San Antonio Express. (San Antonio, Tex.), Vol. 49, No. 93, Ed. 1 Friday, April 3, 1914 Page: 5 of 18
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SAN ANTONIO EXPRESS: FRIDAY MORNING, APRIL 3, 1914.
MASONS WHO HAVE RE-
CEIVED EIGHTEENTH DEGREE
ARE TO ATTEND.
A meeting of Pilgrim Chapter No. 6,
Knights of Rose Croix, was held last night
to complete arrangements for a banquet to
W held by April 9 in Masonic Temple.
The banquet will be in accordance with
the provisions of the order, and it will
>e obligatory on all members of the eigh-
;eent.b degree to attend. It is for the
purpose of observing the extinguishing
Dt lights and the celebration of the mys-
tic banquet. Toa*sts will be made to
the President of the United States, to
the officers and to all other branches of
Masonry. Many prominent members of
the Rite will attend and responses will be
made by able speakers.
The Rev. S. H. C. Burgin, an eighteenth
degree Mason, will deliver the invocation,
and the Rev. W. W. Lee will make the
closing address on tht subject, "Masonry
ond Religion." In addition to the speak-
ing, a musical program will be given and
the personnel of those taking part em-
braces some of the best known and most
talented musicians of the city. The ban-
quet will be served by the ladies of Adah
Chapter, Order of Eastern Star. The mu-
sical program will be arranged by Her-
man Horner, who provided the music at
the reunion held recently.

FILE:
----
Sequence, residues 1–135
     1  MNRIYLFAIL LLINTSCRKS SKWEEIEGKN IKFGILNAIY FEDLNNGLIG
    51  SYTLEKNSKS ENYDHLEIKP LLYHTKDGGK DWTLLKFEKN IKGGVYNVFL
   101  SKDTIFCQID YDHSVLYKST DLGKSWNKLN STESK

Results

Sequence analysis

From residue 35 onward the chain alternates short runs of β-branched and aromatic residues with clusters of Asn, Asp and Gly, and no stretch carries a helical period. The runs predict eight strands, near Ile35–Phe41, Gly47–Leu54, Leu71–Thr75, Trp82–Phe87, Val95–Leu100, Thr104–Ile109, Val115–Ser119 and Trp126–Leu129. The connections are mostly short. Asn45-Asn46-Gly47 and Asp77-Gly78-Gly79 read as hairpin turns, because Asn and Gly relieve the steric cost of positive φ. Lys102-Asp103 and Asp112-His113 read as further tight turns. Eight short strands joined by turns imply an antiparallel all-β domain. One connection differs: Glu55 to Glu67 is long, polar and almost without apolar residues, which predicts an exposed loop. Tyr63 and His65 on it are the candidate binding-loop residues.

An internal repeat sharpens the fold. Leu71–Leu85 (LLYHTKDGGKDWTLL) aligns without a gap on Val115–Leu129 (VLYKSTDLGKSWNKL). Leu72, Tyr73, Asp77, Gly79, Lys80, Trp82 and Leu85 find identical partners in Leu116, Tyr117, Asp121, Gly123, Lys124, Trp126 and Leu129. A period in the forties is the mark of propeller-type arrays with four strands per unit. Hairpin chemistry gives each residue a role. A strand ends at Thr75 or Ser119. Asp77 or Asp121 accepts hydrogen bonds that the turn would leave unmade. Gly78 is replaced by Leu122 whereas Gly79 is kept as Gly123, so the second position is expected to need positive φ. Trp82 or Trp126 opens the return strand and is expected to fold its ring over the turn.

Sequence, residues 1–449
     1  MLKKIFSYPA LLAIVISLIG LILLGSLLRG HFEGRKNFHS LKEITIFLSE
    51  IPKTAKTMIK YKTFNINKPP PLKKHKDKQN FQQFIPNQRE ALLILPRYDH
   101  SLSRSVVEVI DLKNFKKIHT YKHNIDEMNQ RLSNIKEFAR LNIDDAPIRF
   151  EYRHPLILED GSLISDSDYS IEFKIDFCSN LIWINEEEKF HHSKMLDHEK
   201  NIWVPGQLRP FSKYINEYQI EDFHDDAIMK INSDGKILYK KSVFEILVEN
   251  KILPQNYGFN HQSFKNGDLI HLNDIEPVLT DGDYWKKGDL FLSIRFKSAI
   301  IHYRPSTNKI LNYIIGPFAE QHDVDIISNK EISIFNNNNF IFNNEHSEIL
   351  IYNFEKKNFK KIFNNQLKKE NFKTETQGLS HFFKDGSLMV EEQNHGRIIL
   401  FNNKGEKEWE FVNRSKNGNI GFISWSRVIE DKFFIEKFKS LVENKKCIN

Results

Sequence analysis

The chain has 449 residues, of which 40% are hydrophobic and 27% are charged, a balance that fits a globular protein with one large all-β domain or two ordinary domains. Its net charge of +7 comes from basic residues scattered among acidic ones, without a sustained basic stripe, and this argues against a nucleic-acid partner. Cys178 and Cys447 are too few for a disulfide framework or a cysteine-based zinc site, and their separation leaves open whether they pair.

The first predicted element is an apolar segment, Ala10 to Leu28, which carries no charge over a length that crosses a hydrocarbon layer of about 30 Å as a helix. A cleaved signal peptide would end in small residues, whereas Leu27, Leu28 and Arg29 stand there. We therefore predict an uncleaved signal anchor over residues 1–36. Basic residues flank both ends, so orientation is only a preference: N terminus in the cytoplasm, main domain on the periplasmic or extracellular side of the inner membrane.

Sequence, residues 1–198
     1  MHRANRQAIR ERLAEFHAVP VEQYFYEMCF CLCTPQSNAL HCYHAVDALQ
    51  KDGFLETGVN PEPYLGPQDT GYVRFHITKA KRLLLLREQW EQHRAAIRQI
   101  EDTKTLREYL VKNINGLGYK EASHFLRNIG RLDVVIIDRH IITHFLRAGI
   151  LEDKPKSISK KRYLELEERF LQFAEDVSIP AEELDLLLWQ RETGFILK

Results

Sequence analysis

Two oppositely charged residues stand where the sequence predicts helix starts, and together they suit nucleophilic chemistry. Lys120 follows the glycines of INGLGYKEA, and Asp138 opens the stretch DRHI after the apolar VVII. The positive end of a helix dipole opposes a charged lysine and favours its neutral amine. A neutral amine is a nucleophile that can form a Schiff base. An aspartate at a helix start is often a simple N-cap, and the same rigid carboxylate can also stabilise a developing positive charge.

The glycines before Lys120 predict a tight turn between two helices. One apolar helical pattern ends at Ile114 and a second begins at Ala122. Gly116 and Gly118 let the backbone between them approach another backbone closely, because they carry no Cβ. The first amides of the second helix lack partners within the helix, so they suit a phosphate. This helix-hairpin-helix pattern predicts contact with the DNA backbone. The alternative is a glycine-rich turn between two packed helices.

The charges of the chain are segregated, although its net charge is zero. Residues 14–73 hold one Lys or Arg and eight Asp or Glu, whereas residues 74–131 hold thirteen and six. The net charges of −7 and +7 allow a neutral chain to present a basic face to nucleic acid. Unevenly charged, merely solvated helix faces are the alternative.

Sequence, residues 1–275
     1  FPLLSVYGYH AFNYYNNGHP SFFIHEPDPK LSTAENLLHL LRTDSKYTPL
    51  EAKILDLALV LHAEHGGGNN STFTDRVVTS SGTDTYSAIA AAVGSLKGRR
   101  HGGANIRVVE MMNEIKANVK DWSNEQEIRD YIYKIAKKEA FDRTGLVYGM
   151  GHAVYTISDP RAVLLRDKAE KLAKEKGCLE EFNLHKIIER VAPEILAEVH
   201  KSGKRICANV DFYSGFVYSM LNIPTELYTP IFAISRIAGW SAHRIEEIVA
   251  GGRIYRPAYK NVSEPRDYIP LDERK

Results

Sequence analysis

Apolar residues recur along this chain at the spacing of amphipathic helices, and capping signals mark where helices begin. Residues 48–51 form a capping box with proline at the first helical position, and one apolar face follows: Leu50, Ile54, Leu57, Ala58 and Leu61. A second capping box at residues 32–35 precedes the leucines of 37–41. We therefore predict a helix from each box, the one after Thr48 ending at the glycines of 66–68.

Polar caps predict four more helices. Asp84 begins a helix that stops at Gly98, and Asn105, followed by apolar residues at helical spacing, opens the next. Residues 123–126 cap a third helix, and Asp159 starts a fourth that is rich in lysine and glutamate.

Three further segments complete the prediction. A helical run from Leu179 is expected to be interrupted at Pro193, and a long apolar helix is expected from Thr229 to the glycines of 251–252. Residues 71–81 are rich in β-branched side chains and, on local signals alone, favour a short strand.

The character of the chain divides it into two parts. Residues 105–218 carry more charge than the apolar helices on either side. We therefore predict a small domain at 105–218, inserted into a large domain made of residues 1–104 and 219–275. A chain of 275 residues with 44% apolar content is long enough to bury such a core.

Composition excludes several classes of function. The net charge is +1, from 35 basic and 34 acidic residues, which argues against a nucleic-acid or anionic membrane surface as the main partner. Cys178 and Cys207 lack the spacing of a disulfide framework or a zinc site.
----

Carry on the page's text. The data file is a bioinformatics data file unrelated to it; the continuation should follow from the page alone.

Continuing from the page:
The Scottish Rite Masons of San An-
tonio have just received the deed to the
Did Douglas school property, which they
bought for $25,000. Cash was paid for
the property, aud by June 1, when the
school closes, work will be started for
the renovation and repairing of the build-
ings for the Scottish Rite lodges to hold
their conclaves in. The buildings will be
gotten in readiness for the fifth semi-an-
nual reunion of the bodies to bp held next
fall. Nat M. Washer. R. J. Hall and J. H.
Hall were thp trustees who had charge
of consummating the deal for the prop-
erty. A building association is to be
formed in the near future for the pur-
pose of carrying on the improvements and
to take steps for the erection of a cathe-
It^was announced last, night that Samuel
P. Cochran, sovereign grand inspector gen-
eral of Texas, would be in the city April
23 to install the officers and deliver per-
manent charters to the local Scottish Rite
bodies. Pilgrim Chapter, Knights of Rose
Croix, was granted a special dispensa-
tion by Mr. Cochran January 23, 1013,
and the Bexar Lodge of Perfection re-
ceived its special dispensation in Septem-
ber, 1912. The supreme council in 1913
passed upon the permanent charters.
After the imposing ceremonies an elab-
orate banquet will be given Mr. Cochran
at one of the leading hotels. T. T. Yan-
derHoeven, who is the only thirty-third
degree Mason in Snn Antonio, and who
holds an honorary membership in the su-
preme council at Washington, has charge
of the arrangempnts. It Is expected about
300 Masons w^lll bp present. After the
delivering the permanent charters Mr.
Cochran will remain in the city for a day
and then go to Temple to attend the an-
nual State meeting of the Knights Tem-
NEGRO STEALS CASH DRAWER
Made Off With Money While Propri-
etor Was in Store.
A negro thief who has been specializing
on eas-b registers aud cash drawers was
seen Wednesday night to make way with a
cash drawer from the store of T. J. Cap-
puyns, 202 Montana Street. The drawer
contained about $17. Mr. Cappu.vns was
In the rear of the store and did' not tee
the negro enter, but heard him remove the
cash drawer and saw him as he ran out
the front door. The negro answered the
description of a negro who has stolen four